The Rise of “Random” – Social Media Gets Bizarre
After the ground-breaking success of the Old Spice “Man Your Man Could Smell Like” campaign, you knew there were bound to be imitators of its “random” brand of humor. After all, the Old Spice ads sparked a viral sensation that would eventually drive sales up over 107%, an Emmy, a marriage proposal and an enormous flurry of twitter activity. On YouTube, the original commercial presently has over 31 million views – and that’s not mentioning any of the views for the other videos launched in the campaign or the countless profiles also hosting the video.
Mashable.com, an authority on all things social media, called Old Spice’s work “The Archetype of a Successful Social Media Campaign“. In case you’ve been living under a rock, here’s the original ad:
Following The Money
Enter Dairy Queen with their “Monkey See, Monkey Do” campaign focused on randomness:
There are guitars that sound like dolphins, flaming rainbows and “old fashioned shaving bunnies”. The hero in the commercials is a handsome devil with a Tom Selleck grade mustache (well, almost). Some might dismiss the similarities as just that – similarities.
Consider how closely the DQ ads follow the pattern cut by Old Spice: a handsome hero wades through surreal scene after surreal scene uttering over-confident random smatterings to the camera. To be certain, Old Spice doesn’t “own” randomness, but the homage paid here is so obvious it’s a little embarrassing.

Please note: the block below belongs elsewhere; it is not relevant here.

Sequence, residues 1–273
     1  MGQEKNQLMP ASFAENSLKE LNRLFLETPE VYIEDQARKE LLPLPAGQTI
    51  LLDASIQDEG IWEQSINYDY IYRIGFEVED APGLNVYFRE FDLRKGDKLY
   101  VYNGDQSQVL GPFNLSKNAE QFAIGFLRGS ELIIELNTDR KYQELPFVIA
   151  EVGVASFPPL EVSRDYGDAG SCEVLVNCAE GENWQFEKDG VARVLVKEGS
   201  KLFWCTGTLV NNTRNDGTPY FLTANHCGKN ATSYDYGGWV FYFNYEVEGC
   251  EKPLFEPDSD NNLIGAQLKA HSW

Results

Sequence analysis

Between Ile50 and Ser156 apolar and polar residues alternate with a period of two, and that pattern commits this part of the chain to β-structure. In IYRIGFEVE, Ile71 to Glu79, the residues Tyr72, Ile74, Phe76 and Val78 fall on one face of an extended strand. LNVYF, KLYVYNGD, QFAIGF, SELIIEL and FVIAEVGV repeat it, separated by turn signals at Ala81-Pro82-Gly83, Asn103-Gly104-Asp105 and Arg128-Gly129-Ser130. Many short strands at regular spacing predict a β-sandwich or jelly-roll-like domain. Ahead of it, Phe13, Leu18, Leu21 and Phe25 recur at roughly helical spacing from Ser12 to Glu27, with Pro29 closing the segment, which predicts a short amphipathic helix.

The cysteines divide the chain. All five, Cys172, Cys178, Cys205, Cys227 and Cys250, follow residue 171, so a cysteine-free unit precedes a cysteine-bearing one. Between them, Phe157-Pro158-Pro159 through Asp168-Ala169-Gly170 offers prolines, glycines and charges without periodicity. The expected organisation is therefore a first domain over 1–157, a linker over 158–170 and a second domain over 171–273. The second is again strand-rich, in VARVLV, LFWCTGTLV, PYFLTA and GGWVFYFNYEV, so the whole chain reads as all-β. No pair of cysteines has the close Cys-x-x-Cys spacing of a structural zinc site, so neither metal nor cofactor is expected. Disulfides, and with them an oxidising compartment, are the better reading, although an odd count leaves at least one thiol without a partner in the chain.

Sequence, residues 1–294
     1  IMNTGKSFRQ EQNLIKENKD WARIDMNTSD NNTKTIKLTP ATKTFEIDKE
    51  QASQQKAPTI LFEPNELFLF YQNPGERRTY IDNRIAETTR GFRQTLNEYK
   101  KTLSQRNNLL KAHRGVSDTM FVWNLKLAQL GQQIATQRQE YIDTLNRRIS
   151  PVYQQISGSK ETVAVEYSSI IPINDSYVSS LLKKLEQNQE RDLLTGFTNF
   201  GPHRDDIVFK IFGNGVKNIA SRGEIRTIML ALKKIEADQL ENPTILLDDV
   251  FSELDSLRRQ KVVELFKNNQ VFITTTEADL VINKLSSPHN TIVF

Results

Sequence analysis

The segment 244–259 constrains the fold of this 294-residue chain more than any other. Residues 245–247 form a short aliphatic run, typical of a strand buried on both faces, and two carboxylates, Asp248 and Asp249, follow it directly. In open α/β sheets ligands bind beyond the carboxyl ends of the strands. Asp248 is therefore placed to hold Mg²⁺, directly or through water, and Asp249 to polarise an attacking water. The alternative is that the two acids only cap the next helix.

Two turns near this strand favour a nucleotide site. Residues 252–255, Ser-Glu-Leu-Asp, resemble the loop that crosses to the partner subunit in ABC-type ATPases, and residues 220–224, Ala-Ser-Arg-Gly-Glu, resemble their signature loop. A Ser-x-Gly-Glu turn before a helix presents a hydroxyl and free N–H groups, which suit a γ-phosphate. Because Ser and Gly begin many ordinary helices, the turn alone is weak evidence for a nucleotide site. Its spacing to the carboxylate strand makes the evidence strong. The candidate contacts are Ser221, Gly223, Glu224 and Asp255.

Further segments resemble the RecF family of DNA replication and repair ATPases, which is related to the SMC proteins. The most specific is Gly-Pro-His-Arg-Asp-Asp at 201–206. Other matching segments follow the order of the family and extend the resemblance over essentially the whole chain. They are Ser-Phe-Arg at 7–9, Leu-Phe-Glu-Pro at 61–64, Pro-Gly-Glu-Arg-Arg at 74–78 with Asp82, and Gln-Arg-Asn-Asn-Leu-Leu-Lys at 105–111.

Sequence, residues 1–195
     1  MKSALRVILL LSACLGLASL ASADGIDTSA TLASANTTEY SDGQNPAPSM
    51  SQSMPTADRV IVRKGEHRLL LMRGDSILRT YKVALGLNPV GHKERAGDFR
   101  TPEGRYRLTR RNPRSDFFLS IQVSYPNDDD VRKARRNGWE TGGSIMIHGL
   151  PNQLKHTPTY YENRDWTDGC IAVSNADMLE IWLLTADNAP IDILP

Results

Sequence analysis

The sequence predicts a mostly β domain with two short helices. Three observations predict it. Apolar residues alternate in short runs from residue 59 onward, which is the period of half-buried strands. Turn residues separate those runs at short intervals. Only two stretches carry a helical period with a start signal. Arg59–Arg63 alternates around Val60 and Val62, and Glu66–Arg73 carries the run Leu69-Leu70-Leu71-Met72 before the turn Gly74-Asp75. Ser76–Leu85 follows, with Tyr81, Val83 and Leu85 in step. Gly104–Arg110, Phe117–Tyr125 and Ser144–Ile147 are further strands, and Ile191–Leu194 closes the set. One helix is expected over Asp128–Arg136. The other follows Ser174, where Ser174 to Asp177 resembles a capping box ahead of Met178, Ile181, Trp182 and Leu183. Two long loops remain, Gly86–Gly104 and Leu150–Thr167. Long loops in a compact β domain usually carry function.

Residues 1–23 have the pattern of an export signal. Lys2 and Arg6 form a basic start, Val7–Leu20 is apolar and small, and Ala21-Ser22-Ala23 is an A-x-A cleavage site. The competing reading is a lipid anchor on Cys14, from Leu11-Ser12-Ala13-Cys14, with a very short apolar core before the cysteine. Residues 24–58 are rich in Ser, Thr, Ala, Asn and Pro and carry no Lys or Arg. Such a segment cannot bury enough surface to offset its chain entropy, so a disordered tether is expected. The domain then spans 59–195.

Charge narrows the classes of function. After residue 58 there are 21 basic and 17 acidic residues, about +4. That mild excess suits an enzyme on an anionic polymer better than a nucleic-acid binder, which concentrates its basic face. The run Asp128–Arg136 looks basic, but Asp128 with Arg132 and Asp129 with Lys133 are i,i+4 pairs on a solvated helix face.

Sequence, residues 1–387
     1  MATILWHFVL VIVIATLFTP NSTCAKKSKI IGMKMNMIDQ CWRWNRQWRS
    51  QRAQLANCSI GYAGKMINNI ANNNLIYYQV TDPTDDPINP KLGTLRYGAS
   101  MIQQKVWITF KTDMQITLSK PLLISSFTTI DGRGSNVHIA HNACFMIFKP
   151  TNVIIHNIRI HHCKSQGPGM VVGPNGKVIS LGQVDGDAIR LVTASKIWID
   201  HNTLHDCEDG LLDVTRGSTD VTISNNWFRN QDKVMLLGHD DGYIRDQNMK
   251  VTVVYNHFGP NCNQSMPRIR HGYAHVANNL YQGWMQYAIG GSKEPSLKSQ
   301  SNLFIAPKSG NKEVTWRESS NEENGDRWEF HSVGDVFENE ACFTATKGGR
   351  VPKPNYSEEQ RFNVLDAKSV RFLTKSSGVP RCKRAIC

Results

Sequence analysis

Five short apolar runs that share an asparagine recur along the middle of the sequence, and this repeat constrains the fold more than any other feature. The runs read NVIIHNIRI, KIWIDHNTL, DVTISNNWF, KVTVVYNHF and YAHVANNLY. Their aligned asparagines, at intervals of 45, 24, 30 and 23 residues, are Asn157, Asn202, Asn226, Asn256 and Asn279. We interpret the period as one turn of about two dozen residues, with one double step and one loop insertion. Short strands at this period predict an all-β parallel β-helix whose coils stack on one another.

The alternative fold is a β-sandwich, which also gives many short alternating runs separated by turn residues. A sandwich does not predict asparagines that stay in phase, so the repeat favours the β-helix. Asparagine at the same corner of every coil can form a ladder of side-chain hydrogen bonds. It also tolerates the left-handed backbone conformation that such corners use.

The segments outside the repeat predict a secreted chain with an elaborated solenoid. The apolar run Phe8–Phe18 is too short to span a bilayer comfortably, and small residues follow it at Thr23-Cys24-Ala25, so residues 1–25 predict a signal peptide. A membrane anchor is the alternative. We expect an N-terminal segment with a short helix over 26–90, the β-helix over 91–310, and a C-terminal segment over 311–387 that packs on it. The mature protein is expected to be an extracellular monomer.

The results are also strikingly different. While the Old Spice commercial drew 31 million views, the Dairy Queen “Dolphin Guitar” ad has drawn just 31,000 to date while its “Flaming Rainbows” counterpart has just 16,000. While not complete failures, these numbers are far from those generated by Old Spice.
Then again, “random” certainly isn’t dead. If anything, it’s just picking up steam. Consider the new ads by DirectTV (1 million views and growing) that employ the same idea of randomness and “4chan”-esque humor:
There’s even a website where you can “buy your own” Lap Giraffe, the tiny giraffe on the treadmill in the video.
Clicking on the “I Want Giraffe” button prompts you to share the experience with friends on Facebook and Twitter.
Another more successful campaign focused on “randomness” is the recent series of Skittles “Touch the Rainbow” ads. Here, viewers place their index fingers on their screens with hilarious results:
Creepy? Yes. Effective – well, 2.2 million people have watched this ad alone.
What’s the Difference?
So while it’s not a foolproof method (as demonstrated by Dairy Queen),
random seems to be getting a lot of attention these days. Could it be
right for your business? The answer is maybe. Like “randomness”, viral marketing is an unpredictable thing. While all these campaigns dealt with randomness, Skittles, DirectTV and Old Spice were innovators instead of followers. Whether it’s pressing your finger to the screen or tweeting about a lap giraffe, your campaign needs to have something unique to offer to those you are trying to engage. Simply copying social media successes of the past won’t mean success in
the future. Blazing the trail will pay more dividends than leeching onto
Just ask Old Spice.